The TRIPS Agreement lays down the method of governing border control measures and protecting the Intellectual Property Rights, through which the customs authority of a country is empowered to stop the entry and exit of goods, which violate the IP laws. The procedure is set out in Articles 51 to 60 of the TRIPS agreement. Article 51 of the Agreement is the primary provision, which enforces cross border measures to protect IP. This provision authorizes the rights holder, who has valid grounds for believing that the importation of counterfeit trademark or pirated copyright goods may take place, to apply with relevant authorities, administrative or judicial, for the suspension of release into free circulation of such goods.

To enable this provision, Article 52 mandates that the applicant has to provide evidence, which prima facie makes a case of infringement of the Intellectual property rights and also offers a description of the goods for their quick recognition by the customs authorities. The applicant has to prescribe the period for which such goods will be suspended from circulation. The authority has the power to scrutinize the merits of the application and subsequently accept or reject it. Article 53 provides that after the scrutiny and acceptance of the application, the applicant may be asked to provide security for the duration of the suspension of the goods in question. Article 53.2 provides that the suspended goods may be released if the defendant pays a sufficient amount to protect the rights holder for any infringement as security. This amount should ideally not be unreasonable and also should not prejudice any other remedy available to the rights holder. If the rights holder fails to pursue the right of action within a reasonable period, the security amount shall be released by the authority. Furthermore, there are provisions for the issuance of notice to all the affected parties and adjudication by a competent authority.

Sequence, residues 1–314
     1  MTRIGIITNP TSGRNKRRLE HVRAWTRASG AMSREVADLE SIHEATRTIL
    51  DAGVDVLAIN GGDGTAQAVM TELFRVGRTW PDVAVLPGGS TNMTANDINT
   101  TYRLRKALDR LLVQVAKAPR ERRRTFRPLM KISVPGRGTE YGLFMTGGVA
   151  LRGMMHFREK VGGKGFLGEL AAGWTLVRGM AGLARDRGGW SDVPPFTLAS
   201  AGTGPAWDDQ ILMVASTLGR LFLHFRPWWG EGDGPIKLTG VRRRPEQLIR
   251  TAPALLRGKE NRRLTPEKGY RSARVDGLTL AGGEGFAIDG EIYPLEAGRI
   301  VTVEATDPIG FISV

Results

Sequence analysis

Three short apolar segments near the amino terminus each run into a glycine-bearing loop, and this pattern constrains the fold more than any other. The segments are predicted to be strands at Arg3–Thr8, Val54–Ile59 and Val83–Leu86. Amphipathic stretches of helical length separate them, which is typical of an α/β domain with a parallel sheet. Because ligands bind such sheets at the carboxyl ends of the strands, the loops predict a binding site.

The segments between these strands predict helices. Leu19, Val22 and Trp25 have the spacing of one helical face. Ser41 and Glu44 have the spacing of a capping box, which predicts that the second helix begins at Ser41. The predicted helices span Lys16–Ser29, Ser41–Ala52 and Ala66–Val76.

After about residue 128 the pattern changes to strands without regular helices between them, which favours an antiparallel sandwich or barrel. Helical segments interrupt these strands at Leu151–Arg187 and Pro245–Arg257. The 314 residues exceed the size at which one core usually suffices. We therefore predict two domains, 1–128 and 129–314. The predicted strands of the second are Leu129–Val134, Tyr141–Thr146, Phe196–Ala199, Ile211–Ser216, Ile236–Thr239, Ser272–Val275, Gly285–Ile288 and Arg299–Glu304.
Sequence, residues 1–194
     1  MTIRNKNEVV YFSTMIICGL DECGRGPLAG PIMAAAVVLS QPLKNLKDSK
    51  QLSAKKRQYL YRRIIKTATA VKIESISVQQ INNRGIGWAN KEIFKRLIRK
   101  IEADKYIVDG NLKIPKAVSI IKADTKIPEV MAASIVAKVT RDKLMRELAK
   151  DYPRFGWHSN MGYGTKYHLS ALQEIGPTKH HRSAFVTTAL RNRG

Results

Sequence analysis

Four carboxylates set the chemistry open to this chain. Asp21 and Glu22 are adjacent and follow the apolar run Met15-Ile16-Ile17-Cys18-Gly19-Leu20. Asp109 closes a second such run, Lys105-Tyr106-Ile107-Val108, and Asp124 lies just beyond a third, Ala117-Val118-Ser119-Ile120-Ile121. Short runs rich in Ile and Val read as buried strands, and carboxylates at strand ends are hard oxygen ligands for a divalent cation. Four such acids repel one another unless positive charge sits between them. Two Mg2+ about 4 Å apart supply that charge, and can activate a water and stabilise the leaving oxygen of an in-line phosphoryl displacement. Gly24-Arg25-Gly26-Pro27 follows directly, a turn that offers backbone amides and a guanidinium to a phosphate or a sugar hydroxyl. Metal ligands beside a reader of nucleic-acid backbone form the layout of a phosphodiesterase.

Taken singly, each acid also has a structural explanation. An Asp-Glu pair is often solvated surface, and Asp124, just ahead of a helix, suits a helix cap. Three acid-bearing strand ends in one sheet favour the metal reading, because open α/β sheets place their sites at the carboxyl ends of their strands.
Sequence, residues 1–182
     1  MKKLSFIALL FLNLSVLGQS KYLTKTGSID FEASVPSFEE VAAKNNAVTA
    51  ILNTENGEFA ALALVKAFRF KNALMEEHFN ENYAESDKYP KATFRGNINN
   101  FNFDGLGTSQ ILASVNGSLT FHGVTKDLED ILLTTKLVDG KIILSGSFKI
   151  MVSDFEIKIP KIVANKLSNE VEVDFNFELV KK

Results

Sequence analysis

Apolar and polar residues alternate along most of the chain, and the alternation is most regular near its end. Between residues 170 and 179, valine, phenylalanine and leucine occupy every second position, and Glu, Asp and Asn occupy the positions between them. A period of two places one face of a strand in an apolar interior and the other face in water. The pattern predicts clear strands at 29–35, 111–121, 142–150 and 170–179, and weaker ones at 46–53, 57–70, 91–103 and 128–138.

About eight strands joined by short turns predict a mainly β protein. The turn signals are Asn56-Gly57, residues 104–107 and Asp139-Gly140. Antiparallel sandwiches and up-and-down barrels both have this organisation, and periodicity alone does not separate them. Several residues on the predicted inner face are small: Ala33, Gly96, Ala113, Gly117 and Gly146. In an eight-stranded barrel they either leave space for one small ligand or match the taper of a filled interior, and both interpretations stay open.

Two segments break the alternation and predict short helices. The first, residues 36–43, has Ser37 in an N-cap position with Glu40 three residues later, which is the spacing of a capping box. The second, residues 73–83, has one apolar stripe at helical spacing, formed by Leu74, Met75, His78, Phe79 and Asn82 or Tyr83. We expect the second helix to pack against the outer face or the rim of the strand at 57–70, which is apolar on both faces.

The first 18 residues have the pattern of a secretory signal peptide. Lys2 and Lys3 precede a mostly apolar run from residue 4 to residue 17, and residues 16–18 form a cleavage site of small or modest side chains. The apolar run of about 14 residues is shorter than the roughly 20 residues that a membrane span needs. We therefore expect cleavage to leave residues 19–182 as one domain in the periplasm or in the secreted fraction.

Goods traveling across global markets are largely required to follow the IP regulations. However, an enormous percentage of these goods do not follow international standards or are simply counterfeit goods. There is extensive infiltration in the international market of such goods. Piracy and counterfeiting activities represent between 5% and 7% of world trade. Knowledgentia Consultants, which is one of the best firm for global IPR protection, we offer all kinds of advisory services for helping our clients recordal of IP with Custom.

An e-portal facilitates easy recordal of IP rights with the Customs Authorities. The Right Holders are required to submit the following information/documents:

  • Name and contact details of the Right Holder;
  • The serial number and details of the demand draft in favor of the Commissioner of Customs;
  • Details regarding the scope of the IP right which the Right Holder is intending to register;
  • Details regarding the differentiating features of genuine and infringing goods;
  • The IEC code of the Right Holder and other authorized importers;
  • In case of geographical indications – description of the GI, the area of production;
  • Grounds for the notice of suspension of the release of the goods allegedly infringing intellectual property rights;
  • A detailed description of the goods with Customs Tariff Heading in respect of which an intellectual property right applies, together with a sample, model or photograph of a genuine product; and
  • Product code of the goods been imported/exported